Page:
by Val Krukonis
Supercritical fluids are finding increasing application in the pharma industry for the solution of difficult processing problems. Supercritical fluids exhibit a pressure-tunable dissolving power, they possess a liquid like density (and thus a high solvent strength), and their gas like transport properties allow facile extraction from dense botanical materials to be achieved. This unique combination of properties is ideally suited for developing processes for extracting, purifying, and recrystallizing fine chemicals and pharmaceuticals and producing new product forms that cannot be obtained by industry's more traditional processing technologies.
The term 'supercritical fluid' describes a gas or liquid at conditions above its critical temperature and pressure - i.e., above the critical point. Drawing from physical chemistry texts, the critical point is located at the 'end' of the vapor pressure curve, and Figure 1 shows a generalized vapor pressure curve and its 'end'. The accented region in the figure denotes supercritical fluid space where many gases exhibit the propensity to dissolve materials.
At a meeting of the Royal Society (London) in 1879, two researchers, Hannay and Hogarth, reported that supercritical fluids have a pressure-dependent dissolving power-the higher the pressure, the higher their dissolving power (1). They described their work and summarized their findings as follows: We have the phenomenon of a solid dissolving in a gas, and when the solid is precipitated by reducing the pressure, it is brought down as a 'snow' in the gas. The researchers referred to supercritical fluids as gases, which, in fact, they are. In the interest of brevity, the term 'gas', or the abbreviation 'SCF' for supercritical fluids, will be used liberally throughout this paper.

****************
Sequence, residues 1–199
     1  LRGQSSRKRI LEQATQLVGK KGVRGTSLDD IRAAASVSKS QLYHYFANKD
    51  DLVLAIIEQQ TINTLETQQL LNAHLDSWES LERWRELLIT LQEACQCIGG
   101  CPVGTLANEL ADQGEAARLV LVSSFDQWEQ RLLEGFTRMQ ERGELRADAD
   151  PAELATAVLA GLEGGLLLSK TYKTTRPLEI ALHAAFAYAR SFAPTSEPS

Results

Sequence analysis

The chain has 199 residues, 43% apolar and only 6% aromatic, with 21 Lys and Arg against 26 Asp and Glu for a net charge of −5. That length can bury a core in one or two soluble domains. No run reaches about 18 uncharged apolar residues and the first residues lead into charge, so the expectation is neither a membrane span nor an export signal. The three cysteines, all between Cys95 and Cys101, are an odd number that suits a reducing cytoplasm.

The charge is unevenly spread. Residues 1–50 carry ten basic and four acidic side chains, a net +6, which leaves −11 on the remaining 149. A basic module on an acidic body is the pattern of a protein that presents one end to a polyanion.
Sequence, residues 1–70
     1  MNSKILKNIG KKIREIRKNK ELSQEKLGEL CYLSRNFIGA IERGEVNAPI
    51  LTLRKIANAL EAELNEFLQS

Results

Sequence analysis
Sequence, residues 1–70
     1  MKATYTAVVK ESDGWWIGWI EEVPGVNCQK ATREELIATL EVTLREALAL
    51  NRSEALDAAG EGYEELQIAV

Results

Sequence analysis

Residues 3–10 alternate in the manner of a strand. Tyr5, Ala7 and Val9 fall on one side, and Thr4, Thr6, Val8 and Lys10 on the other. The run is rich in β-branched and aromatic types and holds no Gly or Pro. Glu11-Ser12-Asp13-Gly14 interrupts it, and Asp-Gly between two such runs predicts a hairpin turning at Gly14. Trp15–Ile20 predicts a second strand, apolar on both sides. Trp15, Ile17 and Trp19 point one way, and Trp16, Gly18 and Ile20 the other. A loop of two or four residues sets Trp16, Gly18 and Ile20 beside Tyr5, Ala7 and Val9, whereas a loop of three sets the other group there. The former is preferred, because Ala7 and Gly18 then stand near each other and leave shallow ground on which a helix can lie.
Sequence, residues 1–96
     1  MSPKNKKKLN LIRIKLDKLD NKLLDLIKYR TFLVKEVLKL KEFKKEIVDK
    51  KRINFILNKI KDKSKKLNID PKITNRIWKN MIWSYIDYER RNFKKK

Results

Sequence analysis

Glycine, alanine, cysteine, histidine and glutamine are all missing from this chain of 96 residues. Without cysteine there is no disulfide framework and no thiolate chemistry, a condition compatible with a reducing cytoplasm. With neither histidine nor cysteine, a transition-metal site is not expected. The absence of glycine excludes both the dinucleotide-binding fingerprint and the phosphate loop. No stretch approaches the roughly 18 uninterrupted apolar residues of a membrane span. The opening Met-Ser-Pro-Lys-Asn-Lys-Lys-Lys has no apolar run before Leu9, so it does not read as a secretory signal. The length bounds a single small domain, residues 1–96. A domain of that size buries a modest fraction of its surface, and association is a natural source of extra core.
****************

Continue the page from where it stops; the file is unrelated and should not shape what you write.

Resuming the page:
The solubility behavior found by Hannay and Hogarth was not exploited until many, many years later, but it is of historical interest to relate some of the events surrounding their findings. There arose serious (but, as were the times, polite) controversy at the October 1879 society meeting: Some of the members who were present said, "Gases cannot dissolve solid compounds. The researchers must have erred and instead found solubility in superheated liquids." In other carefully planned and executed experiments the researchers did, however, substantiate their previous findings. Gases, in other words, supercritical fluids, could indeed dissolve many compounds.
A few years later, E. G. Buchner reported on his research in Zeitschrift fur Physicalische Chemie (1906). He became the first in a long line of researchers to measure the solubility of a model compound, naphthalene, in supercritical carbon dioxide (2). The Proceedings of the Royal Society (and other journals) describe much of the work during the early years of supercritical fluids activity, and naphthalene is still studied today for the information its solubility behavior presents to new researchers in the SCF field.
The solubility of naphthalene in supercritical carbon dioxide is shown in Figure 2. As one would expect, at low pressure its solubility is essentially nil. As the pressure of the gas is increased to above the critical pressure of carbon dioxide (which is 73 atm), the solubility rises, and for many compounds including naphthalene, the rise is often quite dramatic, as is seen in the Figure. For example, at 200 atm and 45°C, the solubility is 7%. The solubility behavior shown in figure 2 is the basis of almost all the supercritical fluid extraction/separation processes in operation throughout the world: Soluble components are extracted from a substrate by a high pressure gas, and the extracted components that have been dissolved in the gas are precipitated from the gas when the pressure is reduced, for example, across a pressure reduction valve.